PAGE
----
From the land of the midnight sun, a compelling and dark thriller by Sweden's master of crime fiction:
The autumn gloom comes quickly on the Swedish city of Gothenburg, and for Detective Chief Inspector Erik Winter the days seem even shorter, the nights bleaker, when he is faced with two apparently unrelated sets of perplexing crimes. Mysterious assaults on college students in Gothenburg's parks are carried out in the dark of the night, while during the day toddlers are abducted from their nursery schools and quickly returned, seemingly unharmed, before anyone even notices they are missing.
Investigating these bizarre cases, D.C.I. Winter and his team follow their scant leads to "the flats," the barren prairies of rural Sweden, whose wastelands conceal crimes as sinister as the land itself. Winter must deduce the labyrinthine connections between the cases before the culprit--or is it culprits?--closes in on his own family.
Haunting and psychologically astute, Frozen Tracks is another triumph from the award- winning master of Swedish noir.
"A child finally is horribly hurt. After more scrupulous interviews (this time with nervous, distracted children), the two cases begin inexorably to merge. Piercing attention, anxiety wound tight -- Edwardson is a master at this. And if he pushes it too far, with a finale drawn out past all endurance, this doesn't discount the satisfaction in visiting his inspectors' gray world."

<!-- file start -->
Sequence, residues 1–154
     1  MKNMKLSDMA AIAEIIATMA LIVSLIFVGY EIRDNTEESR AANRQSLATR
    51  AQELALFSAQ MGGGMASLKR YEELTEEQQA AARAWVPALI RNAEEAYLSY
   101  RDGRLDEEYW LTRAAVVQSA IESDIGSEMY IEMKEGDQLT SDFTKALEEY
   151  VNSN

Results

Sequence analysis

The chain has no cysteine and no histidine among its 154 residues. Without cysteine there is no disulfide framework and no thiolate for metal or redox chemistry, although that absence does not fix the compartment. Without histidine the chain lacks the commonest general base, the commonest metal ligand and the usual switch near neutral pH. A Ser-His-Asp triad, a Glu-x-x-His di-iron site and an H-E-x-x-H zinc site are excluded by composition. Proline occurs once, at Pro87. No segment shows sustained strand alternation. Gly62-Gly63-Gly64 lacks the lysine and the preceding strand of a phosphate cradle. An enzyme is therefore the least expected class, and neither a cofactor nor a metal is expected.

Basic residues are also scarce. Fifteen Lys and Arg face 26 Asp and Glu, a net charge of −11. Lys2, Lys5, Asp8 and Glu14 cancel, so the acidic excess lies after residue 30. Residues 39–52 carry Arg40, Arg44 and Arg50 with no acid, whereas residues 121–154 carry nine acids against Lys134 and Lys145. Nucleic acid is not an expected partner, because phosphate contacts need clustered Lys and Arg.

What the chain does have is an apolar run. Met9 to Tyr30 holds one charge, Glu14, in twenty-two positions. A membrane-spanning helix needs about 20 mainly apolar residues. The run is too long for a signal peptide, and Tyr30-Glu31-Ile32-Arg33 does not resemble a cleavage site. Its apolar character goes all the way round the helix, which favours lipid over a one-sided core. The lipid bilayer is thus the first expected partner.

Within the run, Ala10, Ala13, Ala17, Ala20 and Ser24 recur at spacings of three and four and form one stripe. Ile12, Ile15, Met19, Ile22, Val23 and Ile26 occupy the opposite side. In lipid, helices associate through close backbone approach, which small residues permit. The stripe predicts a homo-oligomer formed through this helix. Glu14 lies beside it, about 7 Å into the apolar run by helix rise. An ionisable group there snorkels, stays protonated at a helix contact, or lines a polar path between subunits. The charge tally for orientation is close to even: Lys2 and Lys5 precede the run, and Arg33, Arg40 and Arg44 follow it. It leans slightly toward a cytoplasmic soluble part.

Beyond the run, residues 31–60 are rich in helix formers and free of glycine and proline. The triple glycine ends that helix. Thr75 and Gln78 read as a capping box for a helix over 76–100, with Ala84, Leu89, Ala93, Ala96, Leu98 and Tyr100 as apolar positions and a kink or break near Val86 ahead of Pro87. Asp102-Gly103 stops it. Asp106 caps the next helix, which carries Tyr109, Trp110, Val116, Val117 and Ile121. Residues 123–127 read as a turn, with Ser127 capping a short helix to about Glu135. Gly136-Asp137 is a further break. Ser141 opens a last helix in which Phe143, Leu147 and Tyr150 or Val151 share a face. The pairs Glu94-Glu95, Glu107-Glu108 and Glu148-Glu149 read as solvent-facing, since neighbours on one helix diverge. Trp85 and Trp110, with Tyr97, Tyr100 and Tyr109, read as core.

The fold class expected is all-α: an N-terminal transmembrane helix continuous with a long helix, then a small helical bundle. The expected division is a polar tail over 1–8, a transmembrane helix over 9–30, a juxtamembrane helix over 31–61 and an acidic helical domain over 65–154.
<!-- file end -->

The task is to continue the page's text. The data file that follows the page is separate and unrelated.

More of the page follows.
-- Houston Chronicle
"Fans of Henning Mankell and Karin Fossum (as well as Ian Rankin and Donna Leon) will find a great new friend in Edwardson."
The reader stays perpetually ahead of the irritatingly slow detectives in Swedish crime writer Edwardson's third Erik Winter police procedural to be translated into English (after 2006's Never End). DCI Erik Winter and his team are baffled by a rash of beatings in Gothenburg that have nearly killed several young men, who are linked only by the distinctive mark left by the attacker's mysterious weapon. Meanwhile, nursery school children begin to report being lured to the car of a strange mister, who gives them candy. The police brush off these incidents until one boy is found badly beaten in the woods. Soon Winter is thrown into a race to save a kidnapped boy from the clutches of a monster. Readers will connect the dots faster than Winter, whose investigation is jarringly interrupted by scenes from the abductor's point-of-view. The denouement leaves too many loose ends, making for an uninspired take on the tired topic of child abductions. (Aug.)
Copyright (c) Reed Business Information, a division of Reed Elsevier Inc. All rights reserved. --This text refers to the Hardcover edition.
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October 27, 2008
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